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Health Providers Have Started Vaccinating Children 5 to 11: What Columbus Residents Should Know

Taijuan Moorman Taijuan Moorman Health Providers Have Started Vaccinating Children 5 to 11: What Columbus Residents Should KnowPhoto by Izzy Park.
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Federal health officials from the Centers for Disease Control and Prevention and the Food and Drug Administration recently gave the go-ahead for use of the Pfizer-BioNTech vaccine for children 5 to 11 years old, and pediatricians and health providers nationwide have begun the vaccination process.

Children have felt many of the effects of the coronavirus pandemic—including interruptions to their education and an escalating mental health crisis. Not to mention the direct effects, including a loss of parents and relatives, as well as the 8,300 hospitalizations and 94 deaths in this age group from COVID-19 since the start of the pandemic. Now, with the expanded eligibility of the COVID-19 vaccine, some 28 million children in the U.S. can be better protected against COVID-19.

In Columbus, many of the same providers vaccinating adults are now vaccinating children, including local health departments, pediatricians, family physicians, community health centers, adult and children’s hospitals, and pharmacies. To find a vaccine location, you can visit gettheshot.coronavirus.ohio.gov.

The Ohio State University Wexner Medical Center, some OhioHealth clinics, Nationwide Children’s Hospital and Columbus Public Health are all currently vaccinating people 5 years old and up. Check with each provider as some require an appointment and will not accept walk-ins.

Mount Carmel Health and Franklin County Public Health will begin vaccinating children 5 to 11 in the coming weeks.

Below are a few frequently asked questions in the relation to children and the vaccine.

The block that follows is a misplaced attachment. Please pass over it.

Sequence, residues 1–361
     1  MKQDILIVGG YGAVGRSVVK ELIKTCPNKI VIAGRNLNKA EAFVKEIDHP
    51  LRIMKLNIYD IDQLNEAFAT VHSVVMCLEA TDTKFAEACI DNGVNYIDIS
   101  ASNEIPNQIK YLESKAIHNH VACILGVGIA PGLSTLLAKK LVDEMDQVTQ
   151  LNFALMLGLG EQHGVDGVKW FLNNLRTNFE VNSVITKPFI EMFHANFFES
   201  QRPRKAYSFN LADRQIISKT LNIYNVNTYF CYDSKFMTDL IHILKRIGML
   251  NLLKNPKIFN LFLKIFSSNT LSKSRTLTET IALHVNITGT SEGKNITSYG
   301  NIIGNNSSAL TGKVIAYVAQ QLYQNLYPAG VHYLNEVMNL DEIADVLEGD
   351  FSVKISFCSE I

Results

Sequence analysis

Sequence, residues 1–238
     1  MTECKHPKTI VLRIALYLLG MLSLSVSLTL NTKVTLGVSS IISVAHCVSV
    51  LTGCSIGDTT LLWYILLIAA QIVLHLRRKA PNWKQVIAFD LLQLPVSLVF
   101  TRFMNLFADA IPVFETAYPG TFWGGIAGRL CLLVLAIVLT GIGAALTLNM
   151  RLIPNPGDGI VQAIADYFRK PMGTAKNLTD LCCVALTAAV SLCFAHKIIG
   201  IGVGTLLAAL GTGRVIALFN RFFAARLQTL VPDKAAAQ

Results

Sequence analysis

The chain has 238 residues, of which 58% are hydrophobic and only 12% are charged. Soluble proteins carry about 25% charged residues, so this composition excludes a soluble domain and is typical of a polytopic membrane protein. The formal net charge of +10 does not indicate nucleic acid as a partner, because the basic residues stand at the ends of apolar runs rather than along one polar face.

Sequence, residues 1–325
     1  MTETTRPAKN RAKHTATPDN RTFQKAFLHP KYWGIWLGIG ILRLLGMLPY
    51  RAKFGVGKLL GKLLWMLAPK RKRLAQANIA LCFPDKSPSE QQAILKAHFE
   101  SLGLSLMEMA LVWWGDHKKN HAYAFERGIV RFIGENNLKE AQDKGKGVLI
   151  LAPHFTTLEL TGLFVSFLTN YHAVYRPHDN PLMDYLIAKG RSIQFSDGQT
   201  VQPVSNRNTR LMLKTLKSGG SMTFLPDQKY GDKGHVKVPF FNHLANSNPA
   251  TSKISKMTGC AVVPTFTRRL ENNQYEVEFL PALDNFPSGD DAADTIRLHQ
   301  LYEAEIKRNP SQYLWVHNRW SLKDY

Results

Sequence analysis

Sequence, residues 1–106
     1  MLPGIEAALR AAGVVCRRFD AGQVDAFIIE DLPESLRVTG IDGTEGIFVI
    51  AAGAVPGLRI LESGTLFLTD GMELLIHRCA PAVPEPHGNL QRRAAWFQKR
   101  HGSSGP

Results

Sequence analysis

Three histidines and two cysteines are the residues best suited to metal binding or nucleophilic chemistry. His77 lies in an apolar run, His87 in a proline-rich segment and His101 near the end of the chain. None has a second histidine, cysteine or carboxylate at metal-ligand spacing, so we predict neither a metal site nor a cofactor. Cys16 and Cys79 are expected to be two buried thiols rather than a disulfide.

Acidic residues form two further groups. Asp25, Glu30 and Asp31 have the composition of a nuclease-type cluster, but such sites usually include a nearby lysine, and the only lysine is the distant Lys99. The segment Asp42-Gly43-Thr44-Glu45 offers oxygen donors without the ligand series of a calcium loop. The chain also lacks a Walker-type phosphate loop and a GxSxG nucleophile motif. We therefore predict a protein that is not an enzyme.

Q: Is there any difference between the adult vaccines and the vaccines for children?

A: The pediatric vaccine is one-third the dosage of the adolescent and adult doses. In clinical trials, the pediatric Pfizer-BioNTech vaccine was found to be 90.7% effective in preventing symptomatic COVID-19, identical to the efficacy of the adult version.

Another difference is in what is called a “buffer,” which is a solution that helps the vaccine maintain proper pH. Pfizer switched to using tromethamine, as will future adult versions of the vaccine. The new buffer increases the stability of the vaccine.

As far as administration, smaller needles are used to vaccinate children than what are used to vaccinate adults.

Q: Are the Moderna and Johnson & Johnson pediatric vaccines coming?

A: So far, children 17 and younger are only eligible for the Pfizer-BioNTech vaccine. Moderna has released the results of clinical trials for its vaccine for children 6 to 11 and 12 to 17, with data from the older age group already submitted to the FDA for authorization. But that may not come until next year. Meanwhile, Johnson & Johnson has started clinical trials of its vaccine for adolescents but has not begun testing for children under 12.

Q: When will children under five be eligible?

A: According to multiple outlets, vaccine trials for children under five are currently underway, under supervision by the FDA. It’s estimated that the coronavirus vaccine will be available to children 6 months to 5 years old as soon as early 2022.

Find more guidance on children and the vaccine from the CDC and visit FactCheck.org for more detailed information on the COVID-19 pediatric vaccine.

For more information on COVID-19 in Ohio, visit coronavirus.ohio.gov or call 1-833-4-ASK-ODH.

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